Columbia moves classes online

Tensions at Columbia University didn't exactly dwindle in the days following the NYPD's arrival. Amidst an increasingly polarized environment, Jewish students said that they didn't "feel safe," as NPR states. In response, Columbia president Nemat Shafik ordered that classes be held online starting Monday, April 22, "to deescalate the rancor and give us all a chance to consider next steps," as Al Jazeera quotes. Shafik also said, "We cannot have one group dictate terms and attempt to disrupt important milestones like graduation to advance their point of view."

In the meantime, a new round of protestors had settled into the grounds of Columbia University. Two days after shifting to online classes, the university set a deadline for these new protestors to clear out by midnight, April 24. Some did, but others stayed behind and continued to push for their university's divestment of financial ties to Israel. 

On April 26 the protestors said that they'd "reached an impasse with administrators," as the Associated Press writes. Students of all levels of degrees — including doctoral students — also wanted "more transparent financial disclosures" from Columbia. To this, university representative Ben Chang simply said, "We have our demands; they have theirs," and also reiterated the university's commitment to an "ongoing dialogue." For his part, Professor Ege Yumusak said, "The faculty have completely lost confidence in President Shafik's ability to lead this organization." Meanwhile, similar patterns of pro-Palestine university encampments, protests, and arrests repeated themselves across the country. 

Suspensions and occupying Hamilton Hall

By April 29, Columbia suspended protesting, encamped students who didn't adhere to a 2 p.m. deadline that day. Like before, some left and some stayed. Those who stayed even took some of the green carpeting reserved for graduation and laid it on the grounds of their tent encampment as flooring. That graduation, it should be noted, is scheduled for May 15. 

At the same time, protesting students begin calling for "amnesty" regarding suspensions, tuition, grades, legal charges, you name it. As the Associated Press explains, some students have already faced consequences besides getting arrested during the NYPD's first round at campus, like 50 students from Columbia's Barnard College who got evicted from their housing. A mere 10 days later on April 28 "nearly all" had been allowed back.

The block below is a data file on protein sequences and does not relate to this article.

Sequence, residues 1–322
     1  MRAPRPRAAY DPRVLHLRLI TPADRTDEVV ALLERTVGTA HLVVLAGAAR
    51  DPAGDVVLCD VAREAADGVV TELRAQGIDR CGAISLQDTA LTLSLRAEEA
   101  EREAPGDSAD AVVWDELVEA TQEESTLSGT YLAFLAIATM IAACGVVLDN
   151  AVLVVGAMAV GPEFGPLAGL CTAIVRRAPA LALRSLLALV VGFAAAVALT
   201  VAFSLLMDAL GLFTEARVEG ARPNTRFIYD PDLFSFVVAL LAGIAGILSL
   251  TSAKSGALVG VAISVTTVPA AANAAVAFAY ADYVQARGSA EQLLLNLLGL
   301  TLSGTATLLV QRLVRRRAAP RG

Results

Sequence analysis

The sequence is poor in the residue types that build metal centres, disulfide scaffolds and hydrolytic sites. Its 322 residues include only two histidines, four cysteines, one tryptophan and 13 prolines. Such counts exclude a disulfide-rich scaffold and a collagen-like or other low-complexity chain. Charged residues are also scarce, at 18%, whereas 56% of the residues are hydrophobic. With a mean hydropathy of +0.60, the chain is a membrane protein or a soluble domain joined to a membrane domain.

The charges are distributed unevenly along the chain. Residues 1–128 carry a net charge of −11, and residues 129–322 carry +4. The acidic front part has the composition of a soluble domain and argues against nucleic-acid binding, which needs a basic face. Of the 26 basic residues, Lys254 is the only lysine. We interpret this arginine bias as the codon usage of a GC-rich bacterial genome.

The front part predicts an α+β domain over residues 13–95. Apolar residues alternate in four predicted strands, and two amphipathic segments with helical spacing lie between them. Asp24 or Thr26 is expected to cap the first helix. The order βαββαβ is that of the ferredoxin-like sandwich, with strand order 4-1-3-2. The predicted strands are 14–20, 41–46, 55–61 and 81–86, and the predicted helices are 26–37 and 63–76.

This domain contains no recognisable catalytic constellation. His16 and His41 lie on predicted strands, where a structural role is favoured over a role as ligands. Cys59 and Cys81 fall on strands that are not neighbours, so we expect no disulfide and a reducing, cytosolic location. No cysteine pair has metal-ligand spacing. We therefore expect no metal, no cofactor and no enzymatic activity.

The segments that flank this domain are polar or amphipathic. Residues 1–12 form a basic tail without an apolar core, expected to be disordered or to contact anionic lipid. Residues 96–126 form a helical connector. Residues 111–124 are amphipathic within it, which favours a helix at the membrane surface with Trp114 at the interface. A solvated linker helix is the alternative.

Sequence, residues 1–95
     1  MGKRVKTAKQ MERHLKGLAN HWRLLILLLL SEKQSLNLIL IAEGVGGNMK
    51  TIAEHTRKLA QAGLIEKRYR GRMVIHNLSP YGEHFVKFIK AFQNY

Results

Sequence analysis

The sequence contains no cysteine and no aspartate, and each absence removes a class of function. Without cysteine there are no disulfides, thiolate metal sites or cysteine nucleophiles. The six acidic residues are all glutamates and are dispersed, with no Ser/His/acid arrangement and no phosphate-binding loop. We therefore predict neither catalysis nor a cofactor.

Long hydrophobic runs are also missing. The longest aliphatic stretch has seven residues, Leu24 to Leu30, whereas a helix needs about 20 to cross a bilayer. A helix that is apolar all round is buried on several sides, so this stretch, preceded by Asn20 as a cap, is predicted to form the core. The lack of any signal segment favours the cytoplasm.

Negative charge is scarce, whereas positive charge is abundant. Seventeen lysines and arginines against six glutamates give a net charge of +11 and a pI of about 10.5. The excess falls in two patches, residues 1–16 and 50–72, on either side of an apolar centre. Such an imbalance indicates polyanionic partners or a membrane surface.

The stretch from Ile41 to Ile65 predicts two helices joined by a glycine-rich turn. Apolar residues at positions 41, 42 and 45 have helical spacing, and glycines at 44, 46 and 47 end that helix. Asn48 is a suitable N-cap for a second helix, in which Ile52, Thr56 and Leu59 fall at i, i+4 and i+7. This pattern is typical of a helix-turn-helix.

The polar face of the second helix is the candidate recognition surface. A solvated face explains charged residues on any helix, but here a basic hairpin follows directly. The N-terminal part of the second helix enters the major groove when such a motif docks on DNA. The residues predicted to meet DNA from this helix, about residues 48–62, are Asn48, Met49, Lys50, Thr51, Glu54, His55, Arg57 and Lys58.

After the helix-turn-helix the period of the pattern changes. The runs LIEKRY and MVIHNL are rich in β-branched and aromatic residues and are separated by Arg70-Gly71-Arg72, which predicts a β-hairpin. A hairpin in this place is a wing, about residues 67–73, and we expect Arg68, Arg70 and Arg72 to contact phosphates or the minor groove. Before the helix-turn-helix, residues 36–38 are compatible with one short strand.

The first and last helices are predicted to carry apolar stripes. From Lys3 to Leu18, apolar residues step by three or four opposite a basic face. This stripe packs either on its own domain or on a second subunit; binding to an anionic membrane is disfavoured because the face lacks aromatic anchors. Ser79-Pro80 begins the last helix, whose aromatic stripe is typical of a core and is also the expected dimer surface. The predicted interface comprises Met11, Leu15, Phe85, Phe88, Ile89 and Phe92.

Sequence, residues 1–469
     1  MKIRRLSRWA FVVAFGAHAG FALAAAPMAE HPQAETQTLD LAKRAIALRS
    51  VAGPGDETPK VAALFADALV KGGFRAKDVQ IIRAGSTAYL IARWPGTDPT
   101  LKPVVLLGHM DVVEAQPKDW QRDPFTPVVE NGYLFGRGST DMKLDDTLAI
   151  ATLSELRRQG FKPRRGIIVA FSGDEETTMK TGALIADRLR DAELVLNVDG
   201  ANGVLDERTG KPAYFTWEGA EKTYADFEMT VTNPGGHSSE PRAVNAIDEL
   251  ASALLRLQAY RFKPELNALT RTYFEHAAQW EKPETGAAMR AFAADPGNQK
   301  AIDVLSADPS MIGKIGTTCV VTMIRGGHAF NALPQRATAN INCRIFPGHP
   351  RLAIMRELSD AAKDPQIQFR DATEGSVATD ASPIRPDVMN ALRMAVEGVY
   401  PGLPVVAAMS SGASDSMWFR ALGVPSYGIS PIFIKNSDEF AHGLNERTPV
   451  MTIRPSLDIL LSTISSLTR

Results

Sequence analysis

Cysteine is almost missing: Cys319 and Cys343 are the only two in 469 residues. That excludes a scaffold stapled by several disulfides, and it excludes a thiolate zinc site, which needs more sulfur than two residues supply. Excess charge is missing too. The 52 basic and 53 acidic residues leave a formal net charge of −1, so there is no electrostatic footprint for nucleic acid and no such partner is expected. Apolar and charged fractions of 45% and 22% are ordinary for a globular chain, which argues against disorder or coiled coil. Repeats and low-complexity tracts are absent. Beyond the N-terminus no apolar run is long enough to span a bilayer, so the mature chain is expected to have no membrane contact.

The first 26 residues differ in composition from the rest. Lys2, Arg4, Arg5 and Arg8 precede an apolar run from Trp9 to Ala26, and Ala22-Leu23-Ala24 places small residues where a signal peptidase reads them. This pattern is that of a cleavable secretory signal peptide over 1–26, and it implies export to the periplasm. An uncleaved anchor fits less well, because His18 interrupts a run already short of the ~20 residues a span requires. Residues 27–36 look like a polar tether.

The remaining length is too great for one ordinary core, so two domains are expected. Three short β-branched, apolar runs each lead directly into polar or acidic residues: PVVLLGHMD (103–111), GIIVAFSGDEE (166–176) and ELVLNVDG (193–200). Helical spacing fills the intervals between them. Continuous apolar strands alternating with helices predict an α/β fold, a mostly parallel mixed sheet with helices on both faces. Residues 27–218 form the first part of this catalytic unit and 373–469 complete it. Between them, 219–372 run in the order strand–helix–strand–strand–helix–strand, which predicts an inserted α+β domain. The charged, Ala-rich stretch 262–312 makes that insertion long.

On April 30, the day after suspensions went into effect, protestors occupied Hamilton Hall and barred entryways into the building. They hung a "Free Palestine" banner and continued asserting their demands for financial divestment of Columbia from Israel, as well as their additional demands for increased financial transparency from the university.

Columbia warned the protesting students that they had to clear out or be expelled. They didn't, and within hours the NYPD swept through equipped with riot gear, gas masks, and shields. Video footage from outlets such as WTVR CBS 6 shows a degree of orderliness when police start stepping through tents. Things get ugly quickly, though, and many protestors devolve into a shouting, rampaging, brawling mass who are forcibly restrained or moved.    

Riot police and mass arrests

By Wednesday, May 1, NYPD had arrested 109 people at Columbia University, although it's unknown how many of these are students. The police also cleared out Columbia's protest encampment. New York Mayor Eric Adams didn't pull any punches about police action, saying, "There is a movement to radicalize young people, and I'm not going to wait until it's done and all of a sudden acknowledge the existence of it," via CBS. He added, "We're proud to say they [radicalizers] have been removed from the campus." For her part, Columbia University president Nemat Shafik said she was "sorry we reached this point."

Naturally, students and other groups remain divided on whether or not Columbia should have called in the police — again. On one hand, Barnard sophomore Lily Zuckerman told CBS that if the university cracked down hard enough on the first encampment, then the second round of NYPD arrests wouldn't have had to happen. New York's Council on American-Islamic Relations contrarily said, "It is sad but not surprising that Columbia University ... would rather unleash the NYPD on their own students than simply meet their demand to divest from the Israeli government and its genocide in Gaza." Arrested protestors, meanwhile, were met with cheering, music, and food from supporters when they stepped out from One Police Plaza after a night in jail.

At present, Columbia University is waiting until "disciplinary hearings" to decide the fate of protestor graduations, grades, suspensions, and such, per the Associated Press.